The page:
RICO Franchi ­freely admits he "cried like a baby," when he took the call from his GP.

After countless tests and around 20 trips to the surgery it was the relief of ­finally knowing what had caused the symptoms that had plagued him for two and half years.

The married dad-of-two, from Newton Mearns, was told he had Lyme disease, a serious condition caused by a tick bite, that can become life-threatening if it is not treated quickly with antibiotics.

He had not displayed the characteristic bull's-eye rash that many sufferers have so doctors put his chronic fatigue and muscle pains down to ME.

Experts say widespread lack of knowledge about tick-borne diseases among GPs and the medical profession, means many people with typical symptoms will not even be tested for the disease.

Many sufferers are diagnosed with chronic fatigue syndrome as the symptoms can be similar.

Figures show there has been a marked rise in the average number of cases in Scotland, from 55 in 2002 to 308 in 2011. However, GPs say less than 20% of cases are referred for testing.

In Germany, people are given a "zecken karte" (tick card), which allows them to remove ticks safely by themselves without needing to visit a doctor.

Rico, 32, said: "Doctors in the UK need to be taught more about Lyme disease. I knew something wasn't right.

"A lot of people who are diagnosed with ME find out years later they have it."

About four years ago this summer, Rico, a musician and tutor, began suffering flu-like symptoms including headaches, dizzy spells and extreme tiredness.

He said: "I was someone who ran a 5K every day. I did mixed martial arts, I had a healthy diet. I was 28-years-old and in the best condition of my life.

"Then almost overnight I felt as if my whole life had caved in. At first you go into panic mode, you look up your symptoms on the ­internet and think you have cancer.

"Lyme disease never came up. At the time I was working three jobs so I thought it might just be the stress of that.

"I went to the doctor ­initially with the headaches and he said it was a tension headache. I went through a circle of going to the doctor, he would tell me everything was all right, then I would go away, and then a day or two later the symptoms would still be there and I would make another appointment.

"I went at least 20 times in the space of about two and half years. They took loads of blood tests. Every time I went I had a different symptom because that's what Lyme does, it mimics other illnesses.

"The first year I became really depressed."

Eventually, in desperation Rico called a friend, whose father is a GP.

He asked him if he ­travelled abroad recently and Rico, whose father is Italian, replied that he been to Mexico and Germany in the past couple of years. The doctor told him to ask his own GP for a test for Lyme disease. He was sitting in his car when he ­received the phone call to say he had tested positive.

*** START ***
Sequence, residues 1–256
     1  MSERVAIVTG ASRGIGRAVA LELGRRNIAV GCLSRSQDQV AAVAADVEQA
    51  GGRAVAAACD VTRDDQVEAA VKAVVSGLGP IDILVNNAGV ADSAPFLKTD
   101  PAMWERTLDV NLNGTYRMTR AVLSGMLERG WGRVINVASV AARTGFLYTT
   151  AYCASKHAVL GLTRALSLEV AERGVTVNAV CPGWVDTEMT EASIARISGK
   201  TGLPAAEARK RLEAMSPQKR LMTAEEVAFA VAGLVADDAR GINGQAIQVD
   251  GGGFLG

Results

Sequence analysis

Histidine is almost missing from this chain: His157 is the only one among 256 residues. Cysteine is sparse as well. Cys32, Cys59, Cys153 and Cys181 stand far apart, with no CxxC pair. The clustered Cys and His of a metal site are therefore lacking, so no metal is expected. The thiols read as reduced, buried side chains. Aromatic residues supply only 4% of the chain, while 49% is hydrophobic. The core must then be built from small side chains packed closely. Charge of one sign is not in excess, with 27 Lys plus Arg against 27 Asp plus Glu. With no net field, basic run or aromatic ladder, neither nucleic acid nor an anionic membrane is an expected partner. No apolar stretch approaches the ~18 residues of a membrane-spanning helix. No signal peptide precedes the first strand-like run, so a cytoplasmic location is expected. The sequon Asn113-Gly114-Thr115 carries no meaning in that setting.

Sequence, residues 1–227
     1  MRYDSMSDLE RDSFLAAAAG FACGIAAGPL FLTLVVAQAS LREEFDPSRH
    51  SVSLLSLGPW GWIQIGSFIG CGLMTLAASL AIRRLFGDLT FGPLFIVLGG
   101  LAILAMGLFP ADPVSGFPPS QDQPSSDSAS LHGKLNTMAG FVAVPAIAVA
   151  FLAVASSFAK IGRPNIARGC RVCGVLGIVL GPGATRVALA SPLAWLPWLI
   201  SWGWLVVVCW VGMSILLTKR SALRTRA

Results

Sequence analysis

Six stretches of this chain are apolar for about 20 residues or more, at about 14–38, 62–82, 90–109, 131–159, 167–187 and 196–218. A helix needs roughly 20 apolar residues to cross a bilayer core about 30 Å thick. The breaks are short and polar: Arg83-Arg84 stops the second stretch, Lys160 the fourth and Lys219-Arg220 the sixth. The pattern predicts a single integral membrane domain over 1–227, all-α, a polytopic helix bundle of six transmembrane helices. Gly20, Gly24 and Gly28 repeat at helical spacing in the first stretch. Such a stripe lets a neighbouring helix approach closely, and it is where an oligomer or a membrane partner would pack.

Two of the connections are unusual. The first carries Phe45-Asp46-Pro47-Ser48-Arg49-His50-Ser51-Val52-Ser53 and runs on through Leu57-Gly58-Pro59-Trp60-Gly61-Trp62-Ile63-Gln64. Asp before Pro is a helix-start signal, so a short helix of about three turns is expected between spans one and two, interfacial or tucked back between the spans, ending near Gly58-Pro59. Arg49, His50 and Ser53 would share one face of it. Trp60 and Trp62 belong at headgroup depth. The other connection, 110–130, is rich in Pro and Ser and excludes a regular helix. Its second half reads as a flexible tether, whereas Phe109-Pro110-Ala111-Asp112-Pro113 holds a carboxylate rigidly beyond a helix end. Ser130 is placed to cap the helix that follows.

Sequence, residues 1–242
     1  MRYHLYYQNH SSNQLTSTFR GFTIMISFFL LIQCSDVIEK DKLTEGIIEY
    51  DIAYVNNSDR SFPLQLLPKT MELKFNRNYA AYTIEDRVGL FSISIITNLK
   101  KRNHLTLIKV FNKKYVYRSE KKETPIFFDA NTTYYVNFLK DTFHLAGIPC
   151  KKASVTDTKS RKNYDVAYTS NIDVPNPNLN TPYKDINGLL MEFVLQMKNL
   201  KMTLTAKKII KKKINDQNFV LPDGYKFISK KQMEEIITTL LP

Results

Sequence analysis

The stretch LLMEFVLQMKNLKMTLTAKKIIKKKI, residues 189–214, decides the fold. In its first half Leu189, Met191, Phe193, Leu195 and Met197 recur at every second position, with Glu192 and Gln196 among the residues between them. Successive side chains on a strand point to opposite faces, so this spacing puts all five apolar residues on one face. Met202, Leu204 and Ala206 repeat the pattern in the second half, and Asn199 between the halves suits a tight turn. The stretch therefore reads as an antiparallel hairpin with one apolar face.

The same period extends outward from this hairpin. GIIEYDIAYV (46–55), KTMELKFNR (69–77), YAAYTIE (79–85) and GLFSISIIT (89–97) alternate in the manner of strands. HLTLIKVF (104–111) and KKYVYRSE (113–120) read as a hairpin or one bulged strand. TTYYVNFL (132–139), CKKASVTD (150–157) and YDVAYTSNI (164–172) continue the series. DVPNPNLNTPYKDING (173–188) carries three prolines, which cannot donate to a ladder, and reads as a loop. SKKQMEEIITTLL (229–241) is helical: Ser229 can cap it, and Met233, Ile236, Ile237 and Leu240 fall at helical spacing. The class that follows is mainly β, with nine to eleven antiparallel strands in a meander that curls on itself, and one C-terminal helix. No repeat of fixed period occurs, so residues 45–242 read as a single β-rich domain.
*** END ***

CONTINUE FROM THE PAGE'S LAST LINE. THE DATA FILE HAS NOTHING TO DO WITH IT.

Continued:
He said: "I cried like a baby. Not because I was scared that I had Lyme but actually out of pure relief that I wasn't losing my mind.

"You know yourself, if you aren't feeling well. There was points where I thought it might be stress but I knew something wasn't right.

"I didn't think I had ever been bitten by a tick. I didn't have the rash but a lot of people don't."

He was given two weeks of antibiotics but, because it was discovered possibly years after he became ­infected, he has been left with persistent tiredness, muscle pain, heart palpitations and brain fog.

Rico, who is married to Linsey, 30, a primary school teacher, admits he has spent thousands of pounds on complementary therapies, supplements and ­private specialists to try to alleviate his symptoms.

With a six-week-old baby daughter Aria and two-year-old boy Luca, as well as singing in a wedding band and music tutoring, he has to schedule his rest time carefully.

After performing at a wedding he is "wiped out" the next day. He said: "As a dad, you don't want to let your children down, you want to go to the park. But I know that I will pay for it the next day."

However he remains hopeful that his symptoms will improve over time and he may get back to full health and fitness.

He said: "I've been on some of the forums for sufferers and I think a lot of people just give up. I've been lucky. Some people end up in a wheelchair as it can cause osteoarthritis.

"I think the worst thing is that a lot of us Lyme sufferers are still quite healthy looking and we don't get taken that seriously as it's hard to see how much pain people are in on the inside.

"Hopefully this article will make people realise that it's a real illness."

For more information about Lyme disease, go to www.lymediseaseaction.org.uk